I entered Arden Courts, arms loaded with a box of cookies. High-pitched vocals echoed through the hallways and I cringed.
From down the hall, a familiar voice rang out. “Your mom’s down here.” It was Becky, the activities director.
I nodded her direction. “Ok. I’ll just put the cookies away (meaning out of sight of lurking cookie monsters) and come find Mom.” I shuddered to shake off the shrill, but pleasing, notes drifting alongside me as I coursed through the hallways.
I let one of the caregivers know about the cookies’ whereabouts and sauntered towards the community center. As I closed in, the singing voices sounded more like, well, cheerleaders. Wasn’t it way too early in the day and my coffee intake for cheerleading?
I approached the doorway, glancing around the room for signs of Mom. At first, my eyes skipped over my own mother because she was squirming in a wheelchair. Probably to move her more effectively for the music show.
I entered the room from the rear. Blood pulsed through my ears as they were again struck by the voices of the woman crooning and carousing with the crowd of residents who merengued with shakers and tambourines to the tunes. A chorus of residents hollered, “You’ve got the cutest little, baby face.”
For a spell, I watched this spectacle and Mom from back of the room. Like the bouncing ball over top of old songs on TV, Mom’s eyes followed the bopping women around a room cramped with wheelchairs and restless residents.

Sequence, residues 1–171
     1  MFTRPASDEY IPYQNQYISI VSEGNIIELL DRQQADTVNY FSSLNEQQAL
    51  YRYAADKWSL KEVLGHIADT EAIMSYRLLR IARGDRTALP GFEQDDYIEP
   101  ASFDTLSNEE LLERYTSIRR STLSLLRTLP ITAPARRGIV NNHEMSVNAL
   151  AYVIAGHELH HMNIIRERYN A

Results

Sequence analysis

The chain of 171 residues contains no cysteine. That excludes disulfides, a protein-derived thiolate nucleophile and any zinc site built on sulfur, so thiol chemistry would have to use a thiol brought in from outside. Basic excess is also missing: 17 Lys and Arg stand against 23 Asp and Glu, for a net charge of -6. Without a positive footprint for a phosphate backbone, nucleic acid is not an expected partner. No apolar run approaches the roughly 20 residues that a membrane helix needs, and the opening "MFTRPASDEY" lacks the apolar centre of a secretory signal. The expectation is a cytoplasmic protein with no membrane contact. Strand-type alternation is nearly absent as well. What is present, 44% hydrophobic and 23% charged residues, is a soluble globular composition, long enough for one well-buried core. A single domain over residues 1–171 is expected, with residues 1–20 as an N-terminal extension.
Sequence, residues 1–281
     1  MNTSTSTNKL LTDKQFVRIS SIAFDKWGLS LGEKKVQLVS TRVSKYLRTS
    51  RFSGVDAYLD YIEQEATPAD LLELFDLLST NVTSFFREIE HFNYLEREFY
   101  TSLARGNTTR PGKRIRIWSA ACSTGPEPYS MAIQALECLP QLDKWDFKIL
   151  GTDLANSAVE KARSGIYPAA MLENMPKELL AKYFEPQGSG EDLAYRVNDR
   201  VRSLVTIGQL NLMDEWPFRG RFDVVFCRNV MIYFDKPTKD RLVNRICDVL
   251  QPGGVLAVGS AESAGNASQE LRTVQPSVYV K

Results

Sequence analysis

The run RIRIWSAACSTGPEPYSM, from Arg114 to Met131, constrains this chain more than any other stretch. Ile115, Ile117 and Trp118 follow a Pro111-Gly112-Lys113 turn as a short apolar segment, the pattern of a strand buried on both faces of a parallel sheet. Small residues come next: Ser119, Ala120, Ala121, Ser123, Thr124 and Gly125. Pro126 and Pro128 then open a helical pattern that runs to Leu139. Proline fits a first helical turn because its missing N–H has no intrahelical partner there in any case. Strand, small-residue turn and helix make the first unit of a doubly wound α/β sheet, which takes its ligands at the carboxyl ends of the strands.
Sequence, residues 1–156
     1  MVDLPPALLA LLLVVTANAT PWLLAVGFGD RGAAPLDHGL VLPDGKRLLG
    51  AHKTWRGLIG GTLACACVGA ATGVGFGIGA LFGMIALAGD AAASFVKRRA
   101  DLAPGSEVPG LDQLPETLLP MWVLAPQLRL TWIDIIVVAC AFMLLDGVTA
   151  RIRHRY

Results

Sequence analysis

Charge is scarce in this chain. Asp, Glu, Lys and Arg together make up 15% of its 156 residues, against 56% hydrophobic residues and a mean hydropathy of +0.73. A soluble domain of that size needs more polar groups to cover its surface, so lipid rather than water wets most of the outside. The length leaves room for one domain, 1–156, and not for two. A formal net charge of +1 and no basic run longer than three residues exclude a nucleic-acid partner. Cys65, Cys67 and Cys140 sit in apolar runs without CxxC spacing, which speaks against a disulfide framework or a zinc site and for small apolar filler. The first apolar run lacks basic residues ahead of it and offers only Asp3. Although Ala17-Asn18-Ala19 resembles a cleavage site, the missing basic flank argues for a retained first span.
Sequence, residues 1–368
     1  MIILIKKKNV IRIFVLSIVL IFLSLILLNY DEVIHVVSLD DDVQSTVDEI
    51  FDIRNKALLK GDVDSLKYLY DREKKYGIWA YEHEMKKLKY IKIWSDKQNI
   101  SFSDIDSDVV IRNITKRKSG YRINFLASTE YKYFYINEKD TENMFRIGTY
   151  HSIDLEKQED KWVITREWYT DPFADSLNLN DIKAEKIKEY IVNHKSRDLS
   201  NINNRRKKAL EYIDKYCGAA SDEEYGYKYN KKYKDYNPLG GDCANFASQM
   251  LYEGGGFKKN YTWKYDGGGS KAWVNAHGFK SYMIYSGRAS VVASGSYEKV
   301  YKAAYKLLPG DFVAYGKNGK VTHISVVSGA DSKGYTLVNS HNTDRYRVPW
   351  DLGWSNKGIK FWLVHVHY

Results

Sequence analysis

Finally, the two blonde-haired women and their accompanist, one female singer and one male, stopped to catch their breath.
“Hi, Mom,” I whispered in her ear. I kneeled down and lifted her hands to help shake the plastic maracas she held. I couldn’t tell Mom to do so, because, well, she wouldn’t.
Hints of Me and My Gal floated around the room. I couldn’t move, mesmerized by the women and their accompanists with such chipper manners and the thinnest layer of makeup to enhance the joy they exuded and extracted. The two lead singers’ faces gleamed while they danced around in blacks tights and a purple sleeveless athletic shirt. They also wore something else. Contagious smiles.
Becky leaned in to me. “They’re former Ben-Gals. Priscilla, and Julie helped, started this group and they’ll be coming the next few weeks.”
Another resident wandered off and a chair opened up next to Mom. Settled into an oversized- transport chair, Mom wasn’t likely to meander. Each time Julie or Priscilla patted Mom’s arm or passed her by while dancing to Ain’t She Sweet, Mom’s hazel eyes grew brighter. She lifted her eyebrows as if in disbelief.
Over the course of an hour, the women met Mom’s gaze or that of the other residents with an intensity I cannot replicate. One ran her hands along the sleeve of Mom’s bejeweled shirt and Mom caressed the performer’s glistening cheek in return.
During the next song, Priscilla stood before Mom, holding and swinging hands. She was the true founder of Cheering for Charity. Priscilla’s mother passed away in 2008 from Alzheimer’s complications and Priscilla founded the organization shortly thereafter, to bring more life into the world of those with dementia or living in other care homes.